She was always the one to overcome, to turn tragedy into beauty, to rise from the ashes and lift her children with her. She just doesn’t know how to rise this time. Somehow she forgot that her children were her reason to fly. She denied that she was born to be a mother and offered the gift to a beloved instead, who later betrayed the gift and the sacred promise made when it was given.

She’s certain she lost her wings when she lost her son. She can’t see the beauty in the mess she’s made now. She doesn’t trust the future she’s condemned them to. She is hurt. She is scared. She doesn’t feel God here. She wonders if this is hell, a burning of the heart that can never be transcended. She imagines all the mothers who burn with the loss of a child – more mothers and reasons for the loss than can actually be imagined by a single heart or intellect.

Maybe resurrection isn’t for everyone. Maybe hell is alight here on earth with the flames of Mothers, burning in grief for the children they’ve lost to accidents, illnesses, and acts of nature; to choices, mistakes, and betrayals; to wars, hate crimes, and the decisions of men in charge of the institutions we all submit to. Christ may have risen from the grave but Mary still lost her son, the human man that she birthed and raised. Resurrection didn’t bring him back to her. She had to live with the burn of grief and the ache of loss for the rest of her life, as all mothers who lose their children do.

Art: Karyn Crisis, Mother Tiamat, 2008

From She Who Is Never Not Broken

Expansion by Paige Bradley
Expansion by Paige Bradley

“Akhilandeshvari: ‘Ishvari’ in Sanskrit means ‘goddess’ or ‘female power,’ and the ‘Akhilanda’ means essentially ‘never not broken.’ In other words, The Always Broken Goddess. Sanskrit is a tricky and amazing language, and I love that the double negative here means that she is broken right down to her name.

But this isn’t the kind of broken that indicates weakness and terror. It’s the kind of broken that tears apart all the stuff that gets us stuck in toxic routines, repeating the same relationships and habits over and over, rather than diving into the scary process of trying something new and unfathomable.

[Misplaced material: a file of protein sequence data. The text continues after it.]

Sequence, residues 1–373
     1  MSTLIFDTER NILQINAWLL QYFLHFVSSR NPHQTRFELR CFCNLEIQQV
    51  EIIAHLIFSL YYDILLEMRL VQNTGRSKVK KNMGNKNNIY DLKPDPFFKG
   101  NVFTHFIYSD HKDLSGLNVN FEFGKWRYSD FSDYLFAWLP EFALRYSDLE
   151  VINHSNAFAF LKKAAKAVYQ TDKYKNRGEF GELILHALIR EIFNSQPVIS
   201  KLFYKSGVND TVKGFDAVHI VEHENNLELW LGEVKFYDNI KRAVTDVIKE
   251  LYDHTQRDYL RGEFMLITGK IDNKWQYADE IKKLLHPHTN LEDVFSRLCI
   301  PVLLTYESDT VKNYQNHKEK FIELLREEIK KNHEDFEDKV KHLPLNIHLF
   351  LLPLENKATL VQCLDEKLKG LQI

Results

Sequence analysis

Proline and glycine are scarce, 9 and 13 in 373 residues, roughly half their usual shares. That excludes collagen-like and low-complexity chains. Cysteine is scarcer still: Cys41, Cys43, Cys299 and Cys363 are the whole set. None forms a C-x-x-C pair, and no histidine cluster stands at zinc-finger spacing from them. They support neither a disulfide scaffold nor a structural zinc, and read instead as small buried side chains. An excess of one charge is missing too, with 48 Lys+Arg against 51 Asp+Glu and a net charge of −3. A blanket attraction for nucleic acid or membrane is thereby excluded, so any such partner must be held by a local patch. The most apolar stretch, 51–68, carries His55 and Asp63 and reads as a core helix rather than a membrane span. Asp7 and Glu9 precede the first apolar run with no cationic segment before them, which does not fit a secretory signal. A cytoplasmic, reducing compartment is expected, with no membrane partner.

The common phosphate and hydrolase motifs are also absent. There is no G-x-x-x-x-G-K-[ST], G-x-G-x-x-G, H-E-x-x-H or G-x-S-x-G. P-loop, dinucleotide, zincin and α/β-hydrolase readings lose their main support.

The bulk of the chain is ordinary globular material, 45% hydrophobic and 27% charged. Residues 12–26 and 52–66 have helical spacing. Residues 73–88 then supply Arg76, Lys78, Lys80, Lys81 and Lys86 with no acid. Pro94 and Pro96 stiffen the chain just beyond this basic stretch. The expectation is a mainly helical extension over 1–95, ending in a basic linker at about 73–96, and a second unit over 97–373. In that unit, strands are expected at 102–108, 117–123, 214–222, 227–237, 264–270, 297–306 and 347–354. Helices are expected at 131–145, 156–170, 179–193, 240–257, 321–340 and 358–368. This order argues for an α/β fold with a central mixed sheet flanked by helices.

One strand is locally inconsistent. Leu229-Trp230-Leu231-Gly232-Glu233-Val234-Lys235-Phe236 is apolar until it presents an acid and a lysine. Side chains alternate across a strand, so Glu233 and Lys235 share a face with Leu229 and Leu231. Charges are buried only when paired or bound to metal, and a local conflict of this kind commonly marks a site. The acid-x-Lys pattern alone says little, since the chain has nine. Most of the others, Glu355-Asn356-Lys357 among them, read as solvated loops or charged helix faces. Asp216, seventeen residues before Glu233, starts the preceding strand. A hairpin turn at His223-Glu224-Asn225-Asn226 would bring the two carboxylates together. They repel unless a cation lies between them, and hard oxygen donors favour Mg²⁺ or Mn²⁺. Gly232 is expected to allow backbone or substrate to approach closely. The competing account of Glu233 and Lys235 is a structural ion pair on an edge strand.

Akhilanda derives her power from being broken: in flux, pulling herself apart, living in different, constant selves at the same time, from never becoming a whole that has limitations.” Julie Peters

I did not intend to pull myself apart this way. I believed I was in a state of coming back together rather than continued annihilation. I believed I was building a sanctuary of emotional safety rather than another crucible of violated vulnerability.  

Kali – my Goddess sister of fire I once cherished for her powers of transformation – can to go Hell. Her destruction demands too terrible a sacrifice this time.

I am shattered. I work to gather each fragment, soaked in the blood of birth and betrayal, and lay them with great care on the hearth of my heart, to be tended with the warmth of compassion and the heat of self awareness.

Each day I pick up a remnant of who I was to study the places where I am broken, to discern the shape of the wound and the medicine it needs to heal. I learn the language of bloodlines and grieflines to understand the unfolding of this story over the generations of my family.